Summertime Gardening: How to Balance the Heat

Summertime Gardening: How to Balance the Heat
watermelon smoothies summer day
Leo Carver

Summer is in full swing, and that means you’ll experience high temperatures just about anywhere you go. While summer is a great time for being active outdoors, the natural occurrence of increased heat and light have the effect of raising the Pitta quality in your life. There are many benefits to this (drive, activity, spontaneity), but for those who are sensitive to increases in Pitta, summer can be problematic.

If you have a need for balancing this season’s fiery qualities, try some simple and easy gardening to cool yourself down. By cultivating your own “cool” through gardening, you will not only add healthy organic food to your dinner table, but also provide a means for beating the heat this summer.

Contrary to what you might think, it’s not too late to plant a garden (depending on your climate), so plan accordingly and implement some self-care between now and the end of summer. Here are some common plants to bring into your home and garden this year.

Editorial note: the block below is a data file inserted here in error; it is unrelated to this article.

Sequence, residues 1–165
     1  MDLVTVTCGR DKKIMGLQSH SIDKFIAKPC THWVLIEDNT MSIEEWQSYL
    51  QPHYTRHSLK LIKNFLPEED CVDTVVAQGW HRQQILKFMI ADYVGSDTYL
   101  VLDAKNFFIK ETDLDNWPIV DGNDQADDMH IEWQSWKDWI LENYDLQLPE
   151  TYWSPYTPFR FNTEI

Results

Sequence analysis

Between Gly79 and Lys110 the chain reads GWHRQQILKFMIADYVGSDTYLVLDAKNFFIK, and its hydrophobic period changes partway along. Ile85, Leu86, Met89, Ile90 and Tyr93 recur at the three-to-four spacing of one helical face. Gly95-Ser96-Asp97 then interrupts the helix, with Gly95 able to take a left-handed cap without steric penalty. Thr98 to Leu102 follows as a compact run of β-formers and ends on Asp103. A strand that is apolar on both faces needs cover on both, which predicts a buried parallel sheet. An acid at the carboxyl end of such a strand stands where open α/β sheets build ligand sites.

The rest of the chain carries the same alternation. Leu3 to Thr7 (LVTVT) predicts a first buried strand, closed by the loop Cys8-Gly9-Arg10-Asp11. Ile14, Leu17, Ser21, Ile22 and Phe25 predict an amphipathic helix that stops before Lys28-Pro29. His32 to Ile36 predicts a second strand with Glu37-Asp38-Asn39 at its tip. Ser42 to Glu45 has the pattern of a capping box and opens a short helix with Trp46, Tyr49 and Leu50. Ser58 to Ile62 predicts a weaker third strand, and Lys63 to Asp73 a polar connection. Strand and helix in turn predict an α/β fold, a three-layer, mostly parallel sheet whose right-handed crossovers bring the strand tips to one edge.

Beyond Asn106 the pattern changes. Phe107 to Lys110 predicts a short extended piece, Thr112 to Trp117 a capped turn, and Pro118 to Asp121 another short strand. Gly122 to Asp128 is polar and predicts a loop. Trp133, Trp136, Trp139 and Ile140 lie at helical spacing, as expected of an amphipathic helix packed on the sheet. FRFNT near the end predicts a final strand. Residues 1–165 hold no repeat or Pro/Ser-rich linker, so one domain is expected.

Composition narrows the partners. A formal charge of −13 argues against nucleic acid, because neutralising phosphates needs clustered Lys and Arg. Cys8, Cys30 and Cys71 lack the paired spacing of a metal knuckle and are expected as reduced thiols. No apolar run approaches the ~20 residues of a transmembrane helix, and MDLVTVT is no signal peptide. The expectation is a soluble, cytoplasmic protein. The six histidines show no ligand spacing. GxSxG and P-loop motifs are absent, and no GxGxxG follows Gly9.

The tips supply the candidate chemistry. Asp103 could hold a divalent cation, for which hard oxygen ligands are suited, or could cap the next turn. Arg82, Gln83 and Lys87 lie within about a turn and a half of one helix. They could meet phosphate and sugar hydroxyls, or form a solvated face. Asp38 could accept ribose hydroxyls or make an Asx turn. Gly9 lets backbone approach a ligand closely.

Fruit: Melons

For many, consuming watermelon is a summer staple. Eating a nice cool watermelon on a hot summer day doesn’t need any Ayurvedic understanding; it’s simply enjoyable and a part of summer tradition. There are a variety of melons that can be good for balancing Pitta, most of which are fairly easy to manage. However, few people are adventurous enough to plant and cultivate their own. Melons can be hard to grow in some U.S. zones, but there are a few tricks of the trade:

  • If planting from seed, do so in late spring, early summer. Some melons will fruit late in the season, so don’t be discouraged if you haven’t planted them yet. Do some research and find out how different plants perform in your growing zone. For ease and convenience, you can also cultivate a plant that has already sprouted. “Baby” melon plants are usually available and easy to transplant later in the season.
  • Make use of growing hills and proper rowing. This will give your growing melon plant the space and opportunity it needs. Many melons will “run” and take over any available space if they are not properly trained. A healthy cantaloupe plant, for example, can take control of entire sections of your garden. If space is limited, be alert. Trellises can …read more
    Source: Deepak Chopra
CurationFlux Theme